Effects of intraperitoneally administered [D-Lys-3]-GHRP-6 (2–/(200 nmol/mouse) on cumulative food intake in food deprived lean mice: *p<0.05, **p<0.01 compared with the control group by Bonferroni’/8s t test. (B) Effects of intracerebroventricularly administered [D-Lys-3]-GHRP-6 (0.2–/(20 nmol/mouse) on cumulative food intake in food deprived lean mice. ACSF, artificial cerebrospinal fluid. (C) Antagonistic effects of [D-Lys-3]-GHRP-6 administered intracerebroventricularly (20 nmol/mouse) on feeding induced by intraperitoneal injection of ghrelin (3 nmol/mouse) in non-food deprived lean mice. (D) Inhibitory effects of intraperitoneally administered [D-Lys- 3]-GHRP-6 (20–/(200 nmol/mouse) on the gastric emptying rate one and two hours after injection in lean mice. (E) Effects of intraperitoneally administered [D-Arg-1, D-Phe-5, D- Trp-7, 9, Leu-11] substance P (10–/(100 nmol/mouse) on cumulative food intake in food deprived lean mice. (F) Effects of intraperitoneally administered [D-Lys-3]-GHRP-6 (20–/(200 nmol/mouse) on cumulative food intake in mice with diet induced obesity who received a high fat diet for two weeks.

Acute effects of intraperitoneally administered [D-Lys-3]-GHRP-6 (200 nmol/mouse) on cumulative food intake in food deprived ob/ob obese mice: *p<0.05, **p<0.01 compared with physiological saline treated controls. (B) Chronic effects of [D-Lys- 3]-GHRP-6 administered intraperitoneally (20–/(200 nmol/mouse every 12 hours for six days) on body weight gain in non-food deprived ob/ob obese mice.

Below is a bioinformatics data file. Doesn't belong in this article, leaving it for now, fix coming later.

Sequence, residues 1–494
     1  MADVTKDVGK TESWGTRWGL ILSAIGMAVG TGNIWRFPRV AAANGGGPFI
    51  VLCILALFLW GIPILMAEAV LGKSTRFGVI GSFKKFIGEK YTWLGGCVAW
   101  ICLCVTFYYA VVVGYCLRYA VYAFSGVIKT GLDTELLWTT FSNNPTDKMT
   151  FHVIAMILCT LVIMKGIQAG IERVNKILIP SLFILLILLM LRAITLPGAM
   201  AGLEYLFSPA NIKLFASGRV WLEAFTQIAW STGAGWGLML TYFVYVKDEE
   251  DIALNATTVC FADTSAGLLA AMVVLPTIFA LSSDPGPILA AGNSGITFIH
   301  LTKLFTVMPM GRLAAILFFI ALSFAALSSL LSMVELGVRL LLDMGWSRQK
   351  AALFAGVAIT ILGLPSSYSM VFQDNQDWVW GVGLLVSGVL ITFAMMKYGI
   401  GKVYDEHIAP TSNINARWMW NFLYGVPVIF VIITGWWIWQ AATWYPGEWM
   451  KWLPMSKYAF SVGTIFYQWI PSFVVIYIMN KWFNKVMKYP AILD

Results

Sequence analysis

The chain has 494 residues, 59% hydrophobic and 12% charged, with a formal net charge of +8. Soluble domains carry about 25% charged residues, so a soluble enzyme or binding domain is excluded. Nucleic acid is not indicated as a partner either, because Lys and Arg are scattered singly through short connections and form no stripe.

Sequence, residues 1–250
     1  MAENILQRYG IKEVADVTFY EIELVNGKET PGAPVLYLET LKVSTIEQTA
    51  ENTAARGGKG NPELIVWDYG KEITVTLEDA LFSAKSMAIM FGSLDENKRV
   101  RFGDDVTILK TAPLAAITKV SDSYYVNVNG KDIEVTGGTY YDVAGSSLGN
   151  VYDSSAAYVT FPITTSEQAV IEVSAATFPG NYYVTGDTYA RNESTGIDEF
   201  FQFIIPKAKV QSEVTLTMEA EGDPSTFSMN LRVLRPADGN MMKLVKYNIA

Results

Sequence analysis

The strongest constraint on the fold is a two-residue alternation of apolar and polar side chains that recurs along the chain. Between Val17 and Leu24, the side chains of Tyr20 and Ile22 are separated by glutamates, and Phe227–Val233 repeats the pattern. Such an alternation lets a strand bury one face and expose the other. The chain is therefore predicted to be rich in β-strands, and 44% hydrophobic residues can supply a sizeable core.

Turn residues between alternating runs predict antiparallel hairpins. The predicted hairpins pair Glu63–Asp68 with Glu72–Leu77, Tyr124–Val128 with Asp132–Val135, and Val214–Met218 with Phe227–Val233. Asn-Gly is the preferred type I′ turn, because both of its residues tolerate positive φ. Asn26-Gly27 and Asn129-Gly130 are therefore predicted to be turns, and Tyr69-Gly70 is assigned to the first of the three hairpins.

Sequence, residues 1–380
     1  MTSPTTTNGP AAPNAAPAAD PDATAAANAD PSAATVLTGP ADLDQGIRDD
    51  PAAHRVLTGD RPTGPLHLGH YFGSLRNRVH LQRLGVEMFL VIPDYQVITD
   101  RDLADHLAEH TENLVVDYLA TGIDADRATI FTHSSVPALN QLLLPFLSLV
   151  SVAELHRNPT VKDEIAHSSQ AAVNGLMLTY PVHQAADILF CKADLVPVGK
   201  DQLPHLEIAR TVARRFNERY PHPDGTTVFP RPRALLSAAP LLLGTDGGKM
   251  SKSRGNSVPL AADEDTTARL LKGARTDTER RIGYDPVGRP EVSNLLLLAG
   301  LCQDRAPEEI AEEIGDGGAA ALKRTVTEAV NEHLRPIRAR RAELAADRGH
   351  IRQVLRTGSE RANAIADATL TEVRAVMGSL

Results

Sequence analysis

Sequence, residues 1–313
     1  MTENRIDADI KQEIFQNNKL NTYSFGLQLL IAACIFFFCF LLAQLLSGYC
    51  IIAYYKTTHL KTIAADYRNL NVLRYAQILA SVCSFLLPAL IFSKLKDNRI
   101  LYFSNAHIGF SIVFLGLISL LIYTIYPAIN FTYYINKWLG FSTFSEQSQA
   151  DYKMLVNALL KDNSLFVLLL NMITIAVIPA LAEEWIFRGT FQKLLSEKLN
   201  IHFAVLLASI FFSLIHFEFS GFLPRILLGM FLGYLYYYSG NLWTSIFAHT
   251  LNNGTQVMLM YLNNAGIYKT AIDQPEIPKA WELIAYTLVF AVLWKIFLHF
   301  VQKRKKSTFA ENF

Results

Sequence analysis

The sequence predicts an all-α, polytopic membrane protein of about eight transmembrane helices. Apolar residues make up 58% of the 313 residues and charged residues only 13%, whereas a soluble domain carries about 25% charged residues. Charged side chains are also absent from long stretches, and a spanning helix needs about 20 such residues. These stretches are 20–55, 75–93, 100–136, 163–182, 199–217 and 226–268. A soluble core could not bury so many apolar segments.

Effects of [D-Lys-3]-GHRP-6 administered intraperitoneally (20–/(200 nmol/mouse every 12 hours for six days) on food intake, epididymal fat mass, gastrocnemius muscle, and blood glucose, insulin, cholesterol, triglyceride, and free fatty acid concentrations in ob/ob obese mice

Saline 20 nmol 200 nmol

Food intake (g/day)
4.845 (0.160)
4.527 (0.261)
4.285 (0.298)
Fat pad mass (g)
0.974 (0.066)
0.897 (0.169)
0.860 (0.086)
Skeletal muscle (g)
0.300 (0.012)
0.314 (0.009)
0.326 (0.013)
Glucose (mmolli)
13.01 (1.538)
12.06 (1.549)
7.489 (1.081)*
Insulin (pmol/1)
8294 (1676)
6242 (1628)
5481 (1304)
Cholesterol (mmol/1)
6.649 (0.346)
5.663 (0.291)
5.906 (0.565)
Triglycerides (mmol/l)
0.518 (0.049)
0.436 (0.040)
0.465 (0.068)
Free fatty acids (meq/l)
2.164 (0.075)
2.036 (0.121)
1.646 (0.078)**

*p<0.05, **p<0.01 compared with physiological saline treated controls.

%GHRP%;%GHRF%